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PivotViewer series

  1. Building your first PivotViewer application
  2. Runtime PivotViewer collection creation
  3. PivotViewer - Working with Facets
  4. Handling PivotViewer events
  5. PivotViewer - Custom actions
  6. PivotViewer and MVVM


If you haven’t had a chance to look at the new PivotViewer control for Silverlight, have a look here or here. The PivotViewer enables visitor of you website to search large amounts of data very easily. The control takes a lot work out of your hands. Basically you tell it to load a collection and the PivotViewer takes care of everything else. Like adding controls to enter search and sort criteria. It uses DeepZoom to show large amounts of images and animate between states.

Getting started

Before you can start coding you have download the control itself. The Silverlight control can be downloaded from the PivotViewer section on You also need the Silverlight Toolkit which can be found here.

Your first PivotViewer

To get your first PivotViewer control up and running create a new Silverlight project in Visual Studio and add references to all 5 PivotViewer assemblies to the Silverlight project. These assemblies can be found in C:\Program Files\Microsoft SDKs\Silverlight\v4.0\PivotViewer\Jun10\Bin or C:\Program Files (x86)\Microsoft SDKs\Silverlight\v4.0\PivotViewer\Jun10\Bin on 64bit system.

In MainPage.xaml add an xml namespace definition for the System.Windows.Pivot namespace and add the control to the LayoutRoot grid.

<UserControl x:Class="PivotViewerGettingStarted.MainPage"
    <Grid x:Name="LayoutRoot" Background="White">
        <Pivot:PivotViewer x:Name="Pivot"/>






Getting data in the PivotViewer control has to be done in CodeBehind. The PivotViewer contains a method LoadCollection which takes an URL to a .CXML file. This file can be stored anywhere on the web and can be accessed as log as there is a valid ClientAccessPolicy.xml file available. For demonstration purposes there a couple of collections available on the site (at the end of this tutorials I’ve added a list of these). I’ve used the AMG Movies Collection in this case.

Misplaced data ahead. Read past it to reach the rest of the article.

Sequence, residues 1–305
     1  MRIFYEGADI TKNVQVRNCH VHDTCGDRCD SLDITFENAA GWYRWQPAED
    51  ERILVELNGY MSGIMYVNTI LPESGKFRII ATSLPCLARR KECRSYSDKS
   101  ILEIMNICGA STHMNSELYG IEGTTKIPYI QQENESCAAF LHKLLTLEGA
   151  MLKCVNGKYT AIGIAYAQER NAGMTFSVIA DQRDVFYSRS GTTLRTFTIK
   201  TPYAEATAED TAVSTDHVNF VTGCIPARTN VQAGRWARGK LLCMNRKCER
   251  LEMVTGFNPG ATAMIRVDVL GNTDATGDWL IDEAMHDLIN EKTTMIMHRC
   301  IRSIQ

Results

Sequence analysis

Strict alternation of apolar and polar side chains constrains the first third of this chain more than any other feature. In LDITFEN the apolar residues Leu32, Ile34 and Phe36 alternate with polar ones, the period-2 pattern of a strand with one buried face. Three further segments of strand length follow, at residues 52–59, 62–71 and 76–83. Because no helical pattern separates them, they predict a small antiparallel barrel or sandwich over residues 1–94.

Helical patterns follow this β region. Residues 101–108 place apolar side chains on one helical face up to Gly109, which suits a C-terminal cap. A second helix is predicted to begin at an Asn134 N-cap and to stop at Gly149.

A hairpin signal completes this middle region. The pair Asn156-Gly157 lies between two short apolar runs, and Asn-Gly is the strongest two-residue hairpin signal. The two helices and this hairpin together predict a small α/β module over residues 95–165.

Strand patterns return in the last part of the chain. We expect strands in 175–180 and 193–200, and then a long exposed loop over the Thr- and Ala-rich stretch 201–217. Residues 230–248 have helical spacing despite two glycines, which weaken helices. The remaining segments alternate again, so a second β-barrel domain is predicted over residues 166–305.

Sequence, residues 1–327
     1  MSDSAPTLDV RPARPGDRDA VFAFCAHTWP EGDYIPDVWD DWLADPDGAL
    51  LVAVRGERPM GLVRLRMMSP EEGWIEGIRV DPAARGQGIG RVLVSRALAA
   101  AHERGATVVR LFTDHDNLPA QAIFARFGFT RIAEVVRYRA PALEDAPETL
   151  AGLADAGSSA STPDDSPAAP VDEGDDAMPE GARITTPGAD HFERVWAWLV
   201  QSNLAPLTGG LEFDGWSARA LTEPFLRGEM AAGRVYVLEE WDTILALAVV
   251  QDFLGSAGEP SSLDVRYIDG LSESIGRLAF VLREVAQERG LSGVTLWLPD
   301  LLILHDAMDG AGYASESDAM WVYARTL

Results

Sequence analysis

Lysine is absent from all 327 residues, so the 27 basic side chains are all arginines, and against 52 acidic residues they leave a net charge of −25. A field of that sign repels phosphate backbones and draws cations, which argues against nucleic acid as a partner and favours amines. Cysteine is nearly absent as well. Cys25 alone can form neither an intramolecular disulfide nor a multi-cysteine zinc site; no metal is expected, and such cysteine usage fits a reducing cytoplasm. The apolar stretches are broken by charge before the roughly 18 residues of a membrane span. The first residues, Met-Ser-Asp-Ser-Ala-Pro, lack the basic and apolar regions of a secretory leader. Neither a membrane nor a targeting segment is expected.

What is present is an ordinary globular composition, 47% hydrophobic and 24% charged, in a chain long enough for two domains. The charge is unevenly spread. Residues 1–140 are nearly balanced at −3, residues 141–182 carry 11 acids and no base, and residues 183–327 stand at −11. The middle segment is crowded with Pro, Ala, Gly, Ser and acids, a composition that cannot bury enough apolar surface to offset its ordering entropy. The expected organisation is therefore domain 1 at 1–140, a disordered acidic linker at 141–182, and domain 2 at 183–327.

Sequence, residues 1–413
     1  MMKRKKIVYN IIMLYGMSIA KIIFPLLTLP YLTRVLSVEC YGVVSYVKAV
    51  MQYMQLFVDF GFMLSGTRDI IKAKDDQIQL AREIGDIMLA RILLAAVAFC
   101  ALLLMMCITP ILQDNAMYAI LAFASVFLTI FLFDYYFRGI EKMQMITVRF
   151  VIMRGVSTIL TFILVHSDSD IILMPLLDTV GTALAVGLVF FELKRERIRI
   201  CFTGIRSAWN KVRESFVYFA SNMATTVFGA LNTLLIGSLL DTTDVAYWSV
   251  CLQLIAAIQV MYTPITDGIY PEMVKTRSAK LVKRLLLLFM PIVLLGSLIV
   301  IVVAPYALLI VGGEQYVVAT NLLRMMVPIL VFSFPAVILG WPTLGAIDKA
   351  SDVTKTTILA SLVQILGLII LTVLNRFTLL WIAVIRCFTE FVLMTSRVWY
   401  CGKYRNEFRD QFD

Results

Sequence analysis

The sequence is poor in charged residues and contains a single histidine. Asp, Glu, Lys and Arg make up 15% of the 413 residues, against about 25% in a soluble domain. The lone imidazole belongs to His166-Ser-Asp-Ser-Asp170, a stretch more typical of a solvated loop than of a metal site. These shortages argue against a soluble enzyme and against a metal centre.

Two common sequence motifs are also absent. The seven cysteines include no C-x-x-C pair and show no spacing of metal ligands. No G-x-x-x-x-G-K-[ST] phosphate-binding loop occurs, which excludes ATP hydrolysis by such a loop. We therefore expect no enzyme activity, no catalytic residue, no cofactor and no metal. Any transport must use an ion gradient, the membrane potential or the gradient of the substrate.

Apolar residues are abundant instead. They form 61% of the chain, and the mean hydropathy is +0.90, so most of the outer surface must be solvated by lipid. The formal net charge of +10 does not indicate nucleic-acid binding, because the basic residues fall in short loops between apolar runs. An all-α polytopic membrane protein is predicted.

The LoadCollection method also needs a value the state. Often this value is set to string.Empty.

public MainPage()
        , string.Empty);





Take a look at the control running here.

What’s next

While using the collection on can be vary useful for demonstrations or learning how to develop with the PivotViewer, you won’t use these collection in a real application. You will have to create a collection of your own. Have a look at this section of about the Excel extension to create a collection.

Another way to create collection is to let your program take control and build collection runtime. I will explain this in my next tutorial.

If you can’t wait and want to learn more, read the developer section on

Other example sources

On the site there are a few more .CXML collection to try in your applications:

Dog Breeds

Sports Illustrated Covers

AMG Movies

NFL Teams & Athletes

Wikipedia Collection

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Posted on Monday, August 16, 2010 9:10 PM Silverlight , dotnetmag , PivotViewer | Back to top

Comments on this post: Building your first PivotViewer application

# re: Building your first PivotViewer application
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I get a javascript popup saying error
Left by Jake on Jul 14, 2011 10:10 PM

# re: Building your first PivotViewer application
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I've very confused about the versioning of the PivotViewer control. Some blogs say that it's part of the Silverlight 5 SDK...other's such as yours seem to say to use the "version 4" and others say to download it from the control's website (which doesn't tell you what version it is). Can you help me figure it out?
Left by John Bailo on Jul 25, 2012 10:12 PM

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